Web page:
I had a dentist appointment about a month after my mom died. When I told the hygienist about her death, the hygienist asked me how old I was and then told me all about how she lost her mom when she was 25. It didn’t make me feel like we were together in our grief, even though I’m sure she meant it like that; instead, it felt like a grief contest.
I saw a HuffPo article about this very same thing a couple of weeks ago: The Mistake I Made With My Grieving Friend.

When she began to share her raw emotions, I felt uncomfortable. I didn’t know what to say, so I defaulted to a subject with which I was comfortable: myself.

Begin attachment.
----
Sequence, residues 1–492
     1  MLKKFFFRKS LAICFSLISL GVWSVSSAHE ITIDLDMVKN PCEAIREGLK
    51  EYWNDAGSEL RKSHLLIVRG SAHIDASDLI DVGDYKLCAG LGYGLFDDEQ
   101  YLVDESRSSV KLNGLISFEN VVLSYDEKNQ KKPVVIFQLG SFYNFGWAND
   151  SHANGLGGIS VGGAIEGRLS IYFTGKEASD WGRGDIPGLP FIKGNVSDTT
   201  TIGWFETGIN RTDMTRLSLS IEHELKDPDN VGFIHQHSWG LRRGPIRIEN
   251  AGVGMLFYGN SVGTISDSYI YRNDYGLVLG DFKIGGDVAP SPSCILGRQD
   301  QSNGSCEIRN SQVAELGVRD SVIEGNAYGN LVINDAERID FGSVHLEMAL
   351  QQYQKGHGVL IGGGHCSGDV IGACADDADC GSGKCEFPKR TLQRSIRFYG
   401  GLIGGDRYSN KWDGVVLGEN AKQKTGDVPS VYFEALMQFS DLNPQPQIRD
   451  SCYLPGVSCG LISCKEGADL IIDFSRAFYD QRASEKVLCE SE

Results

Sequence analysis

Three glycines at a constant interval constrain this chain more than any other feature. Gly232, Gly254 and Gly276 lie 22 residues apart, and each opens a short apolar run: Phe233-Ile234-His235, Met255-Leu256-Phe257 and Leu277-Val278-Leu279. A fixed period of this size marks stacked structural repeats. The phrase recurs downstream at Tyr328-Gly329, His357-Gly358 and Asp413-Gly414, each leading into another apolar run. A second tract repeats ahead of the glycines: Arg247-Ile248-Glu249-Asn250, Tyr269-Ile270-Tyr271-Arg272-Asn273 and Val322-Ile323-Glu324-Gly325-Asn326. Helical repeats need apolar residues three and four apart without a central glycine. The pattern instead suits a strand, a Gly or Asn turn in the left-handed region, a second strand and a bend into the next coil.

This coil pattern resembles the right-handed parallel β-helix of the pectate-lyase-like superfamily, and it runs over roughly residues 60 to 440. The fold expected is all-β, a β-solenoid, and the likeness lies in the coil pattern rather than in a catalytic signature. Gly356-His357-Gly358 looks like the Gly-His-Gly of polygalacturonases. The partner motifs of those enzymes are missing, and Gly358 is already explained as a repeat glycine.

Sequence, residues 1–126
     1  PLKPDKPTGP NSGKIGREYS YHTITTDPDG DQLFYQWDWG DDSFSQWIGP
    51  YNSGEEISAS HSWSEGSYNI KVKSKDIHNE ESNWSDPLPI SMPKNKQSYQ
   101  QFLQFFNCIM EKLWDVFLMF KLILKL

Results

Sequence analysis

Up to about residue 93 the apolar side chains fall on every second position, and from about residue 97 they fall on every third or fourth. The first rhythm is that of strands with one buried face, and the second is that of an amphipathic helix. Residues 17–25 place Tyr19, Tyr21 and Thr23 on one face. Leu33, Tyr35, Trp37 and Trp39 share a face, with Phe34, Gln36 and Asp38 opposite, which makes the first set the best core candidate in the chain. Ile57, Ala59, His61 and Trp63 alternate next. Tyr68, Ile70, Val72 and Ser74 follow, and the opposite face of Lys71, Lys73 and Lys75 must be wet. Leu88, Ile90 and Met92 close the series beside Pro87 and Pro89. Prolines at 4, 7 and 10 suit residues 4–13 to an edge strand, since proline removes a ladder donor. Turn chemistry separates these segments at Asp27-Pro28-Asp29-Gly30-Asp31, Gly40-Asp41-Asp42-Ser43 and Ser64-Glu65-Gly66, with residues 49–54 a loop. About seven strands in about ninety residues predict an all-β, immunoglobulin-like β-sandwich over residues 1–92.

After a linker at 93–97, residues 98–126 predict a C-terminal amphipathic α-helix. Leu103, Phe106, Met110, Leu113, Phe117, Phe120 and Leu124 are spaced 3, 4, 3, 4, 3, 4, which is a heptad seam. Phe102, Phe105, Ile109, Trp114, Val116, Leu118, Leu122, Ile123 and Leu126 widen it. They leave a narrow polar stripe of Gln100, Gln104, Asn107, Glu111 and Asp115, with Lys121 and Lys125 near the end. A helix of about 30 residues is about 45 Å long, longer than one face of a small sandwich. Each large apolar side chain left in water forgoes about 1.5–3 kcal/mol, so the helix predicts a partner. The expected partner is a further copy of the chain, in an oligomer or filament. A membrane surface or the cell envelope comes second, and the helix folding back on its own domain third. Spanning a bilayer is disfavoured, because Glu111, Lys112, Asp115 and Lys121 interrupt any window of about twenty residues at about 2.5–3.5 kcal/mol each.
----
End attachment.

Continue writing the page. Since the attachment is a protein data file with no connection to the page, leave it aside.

I may have been trying to empathize, at least on a conscious level, but what I really did was draw focus away from her anguish and turn the attention to me.

It made me realize how often I do the same thing, thinking I’m sharing my experience and being supportive. But now that I’ve experienced it, I realize I just need to listen. If I need to say anything, I say: “That sounds hard.”